Scientists have created three puppy clones of “Snuppy”, the world’s first cloned dog

Snuppy, the world’s first cloned dog, died in 2015, but his genetic heritage still lives on. Like National Post reports, South Korean scientists recently described in the journal Scientific reports the birth of three clone puppies, all of which are identical replicas of the famous Afghan hound.

Those who survived the 1990s might remember Dolly, a Scottish sheep that gained fame as the first mammal to be cloned from an adult cell. After cloning Dolly in 1996, scientists were able to replicate other animals, including cats, mice, cows and horses. But cloning dogs initially embarrassed scientists, Time reports because their rearing period is limited and their eggs are also difficult to extract.

Finally, the researchers eventually used nuclear somatic cell transfer (SCNT) to clone the dog, the same method used to make Dolly. In the early 2000s, a team of South Korean scientists inserted DNA collected from the skin cells of an Afghan hound into the egg of a dog from which DNA was removed. The egg split, giving more cloned embryos.

Scientists implanted 1,095 of these embryos in 123 dogs, a comprehensive initiative that yielded only three pregnancies, according to the NPR. Of these, only Snuppy survived – whose name is a combination of “puppy” and the initials of the National University of Seoul.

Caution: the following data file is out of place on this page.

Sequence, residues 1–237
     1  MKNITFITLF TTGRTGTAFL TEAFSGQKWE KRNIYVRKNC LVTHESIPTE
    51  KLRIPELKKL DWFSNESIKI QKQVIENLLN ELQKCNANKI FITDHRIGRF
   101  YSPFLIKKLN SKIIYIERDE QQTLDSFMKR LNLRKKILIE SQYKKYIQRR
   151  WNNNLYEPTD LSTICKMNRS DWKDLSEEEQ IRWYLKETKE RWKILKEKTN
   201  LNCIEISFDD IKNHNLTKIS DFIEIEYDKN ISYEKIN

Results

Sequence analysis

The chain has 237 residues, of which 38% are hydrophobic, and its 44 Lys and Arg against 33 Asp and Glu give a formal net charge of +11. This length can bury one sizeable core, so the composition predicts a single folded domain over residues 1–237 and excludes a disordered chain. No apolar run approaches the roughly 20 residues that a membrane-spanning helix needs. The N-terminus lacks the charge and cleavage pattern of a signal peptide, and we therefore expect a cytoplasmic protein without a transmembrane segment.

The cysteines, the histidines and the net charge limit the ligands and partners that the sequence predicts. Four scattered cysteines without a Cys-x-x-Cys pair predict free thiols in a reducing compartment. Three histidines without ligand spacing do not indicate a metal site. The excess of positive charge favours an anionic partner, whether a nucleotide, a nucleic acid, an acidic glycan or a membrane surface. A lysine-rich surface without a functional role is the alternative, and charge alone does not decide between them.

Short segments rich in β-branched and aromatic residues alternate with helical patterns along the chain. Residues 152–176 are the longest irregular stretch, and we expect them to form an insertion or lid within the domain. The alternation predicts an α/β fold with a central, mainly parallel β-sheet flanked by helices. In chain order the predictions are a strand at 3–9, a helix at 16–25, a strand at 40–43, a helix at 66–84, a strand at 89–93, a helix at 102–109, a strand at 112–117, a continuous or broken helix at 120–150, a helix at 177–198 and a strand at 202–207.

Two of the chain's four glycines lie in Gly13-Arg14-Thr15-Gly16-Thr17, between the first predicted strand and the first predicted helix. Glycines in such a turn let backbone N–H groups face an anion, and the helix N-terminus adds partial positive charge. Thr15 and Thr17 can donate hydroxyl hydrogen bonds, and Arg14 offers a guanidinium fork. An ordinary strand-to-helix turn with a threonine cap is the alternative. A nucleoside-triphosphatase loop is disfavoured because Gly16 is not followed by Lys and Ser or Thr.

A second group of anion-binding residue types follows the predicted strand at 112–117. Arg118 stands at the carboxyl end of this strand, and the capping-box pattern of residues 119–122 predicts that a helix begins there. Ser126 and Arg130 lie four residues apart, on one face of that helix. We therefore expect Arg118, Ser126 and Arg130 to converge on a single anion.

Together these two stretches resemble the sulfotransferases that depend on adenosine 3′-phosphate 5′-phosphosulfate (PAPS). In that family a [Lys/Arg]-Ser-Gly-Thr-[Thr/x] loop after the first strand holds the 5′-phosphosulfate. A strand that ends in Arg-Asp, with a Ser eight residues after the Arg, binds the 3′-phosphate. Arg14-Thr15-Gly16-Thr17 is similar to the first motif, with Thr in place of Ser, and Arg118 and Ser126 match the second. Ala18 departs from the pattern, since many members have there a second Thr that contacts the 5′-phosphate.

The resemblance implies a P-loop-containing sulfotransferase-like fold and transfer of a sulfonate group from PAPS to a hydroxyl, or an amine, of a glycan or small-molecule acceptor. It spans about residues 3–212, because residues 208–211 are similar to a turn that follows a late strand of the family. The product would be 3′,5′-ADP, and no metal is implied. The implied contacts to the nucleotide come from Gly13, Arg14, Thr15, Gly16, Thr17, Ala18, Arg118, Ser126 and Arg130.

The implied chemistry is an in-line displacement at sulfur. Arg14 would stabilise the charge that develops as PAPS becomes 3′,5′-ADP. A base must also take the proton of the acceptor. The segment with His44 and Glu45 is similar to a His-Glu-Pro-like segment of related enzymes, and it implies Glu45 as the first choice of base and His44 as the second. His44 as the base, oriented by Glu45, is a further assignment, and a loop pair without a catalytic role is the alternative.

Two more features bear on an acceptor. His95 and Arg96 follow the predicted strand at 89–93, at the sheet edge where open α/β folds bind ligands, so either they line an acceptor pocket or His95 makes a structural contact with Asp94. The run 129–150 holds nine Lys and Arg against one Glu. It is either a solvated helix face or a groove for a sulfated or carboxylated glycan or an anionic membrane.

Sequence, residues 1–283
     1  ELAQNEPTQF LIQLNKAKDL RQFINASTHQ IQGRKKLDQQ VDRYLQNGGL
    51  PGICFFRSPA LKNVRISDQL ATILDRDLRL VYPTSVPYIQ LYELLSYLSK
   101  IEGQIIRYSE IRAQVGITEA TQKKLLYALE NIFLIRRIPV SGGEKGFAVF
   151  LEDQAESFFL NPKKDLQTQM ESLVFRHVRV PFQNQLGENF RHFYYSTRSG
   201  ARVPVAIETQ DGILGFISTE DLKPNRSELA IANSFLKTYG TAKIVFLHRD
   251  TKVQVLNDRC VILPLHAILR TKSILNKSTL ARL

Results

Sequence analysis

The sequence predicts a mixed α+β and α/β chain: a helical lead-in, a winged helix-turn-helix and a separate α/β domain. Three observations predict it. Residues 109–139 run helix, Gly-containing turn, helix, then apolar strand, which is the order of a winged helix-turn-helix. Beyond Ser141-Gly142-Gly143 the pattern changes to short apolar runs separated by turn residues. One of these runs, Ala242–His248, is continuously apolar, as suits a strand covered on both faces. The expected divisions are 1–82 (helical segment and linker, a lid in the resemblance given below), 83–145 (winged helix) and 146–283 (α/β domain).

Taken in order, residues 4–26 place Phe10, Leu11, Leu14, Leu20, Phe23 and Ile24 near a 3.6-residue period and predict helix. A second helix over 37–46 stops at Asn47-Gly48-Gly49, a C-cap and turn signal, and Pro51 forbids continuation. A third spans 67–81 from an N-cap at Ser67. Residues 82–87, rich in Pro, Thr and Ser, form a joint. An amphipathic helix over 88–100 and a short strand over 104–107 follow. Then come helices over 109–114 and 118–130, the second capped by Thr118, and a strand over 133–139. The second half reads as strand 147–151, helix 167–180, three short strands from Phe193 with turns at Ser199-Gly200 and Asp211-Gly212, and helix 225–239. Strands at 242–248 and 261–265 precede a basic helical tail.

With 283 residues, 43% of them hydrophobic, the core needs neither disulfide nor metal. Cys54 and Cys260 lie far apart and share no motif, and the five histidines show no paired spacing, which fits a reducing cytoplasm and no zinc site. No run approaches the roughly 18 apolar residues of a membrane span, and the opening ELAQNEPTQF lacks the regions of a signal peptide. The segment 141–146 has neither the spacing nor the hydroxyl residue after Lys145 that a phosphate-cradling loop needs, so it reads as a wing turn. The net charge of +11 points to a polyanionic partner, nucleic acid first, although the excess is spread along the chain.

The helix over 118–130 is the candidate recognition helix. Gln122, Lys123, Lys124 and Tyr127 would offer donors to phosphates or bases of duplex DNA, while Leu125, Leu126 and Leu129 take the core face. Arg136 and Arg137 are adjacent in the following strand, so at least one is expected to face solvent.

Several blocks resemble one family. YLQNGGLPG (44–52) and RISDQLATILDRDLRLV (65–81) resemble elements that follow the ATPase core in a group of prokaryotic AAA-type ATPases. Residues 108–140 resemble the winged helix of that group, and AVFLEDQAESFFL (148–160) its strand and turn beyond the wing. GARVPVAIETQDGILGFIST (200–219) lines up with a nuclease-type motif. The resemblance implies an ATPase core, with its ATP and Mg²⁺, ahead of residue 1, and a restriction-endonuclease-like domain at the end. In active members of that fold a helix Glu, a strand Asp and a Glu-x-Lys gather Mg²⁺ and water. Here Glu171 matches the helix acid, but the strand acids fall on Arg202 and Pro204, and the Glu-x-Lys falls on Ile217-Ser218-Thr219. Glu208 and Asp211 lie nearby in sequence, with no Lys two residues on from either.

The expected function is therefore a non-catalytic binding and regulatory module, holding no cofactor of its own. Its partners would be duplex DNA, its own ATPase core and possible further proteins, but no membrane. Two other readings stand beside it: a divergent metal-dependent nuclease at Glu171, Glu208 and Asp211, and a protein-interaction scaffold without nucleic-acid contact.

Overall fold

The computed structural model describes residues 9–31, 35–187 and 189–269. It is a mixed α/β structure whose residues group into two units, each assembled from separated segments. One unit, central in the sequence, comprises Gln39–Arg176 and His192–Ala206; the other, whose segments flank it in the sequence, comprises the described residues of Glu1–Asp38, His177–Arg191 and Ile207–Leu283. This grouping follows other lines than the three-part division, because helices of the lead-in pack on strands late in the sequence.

Snuppy died of cancer in April 2015, just after his 10th birthday. To celebrate his successful life, the same South Korean researchers decided to clone him again using mesenchymal stem cells from dog fat on his stomach, which were taken when he was five years old. This time they transferred 94 reconstructed embryos to seven dogs. Four clones were later born, although one eventually died shortly after birth.

Tiny Snuppy clones are more than a year old, and researchers say they don’t think cubs face the risk of accelerated aging, nor are they more prone to disease than other dogs. (Dolly died when she was only six years old, while cloned mice also experienced a shorter lifespan.) Snuppy’s somatic cell donor, Tai, lived only two years longer than Snuppy, dying at the age of 12, which is the average lifespan. an Afghan hound.

Researchers say this new generation of Snuppys will bring new insights into the health and longevity of cloned animals. Meanwhile, in other news about animal cloning, a Texas-based company called ViaGen Pets is now offering to clone people’s favorite pets, according to CBS Pittsburgh – a service that costs a cool $ 50,000 for dogs.

[h/t National Post]

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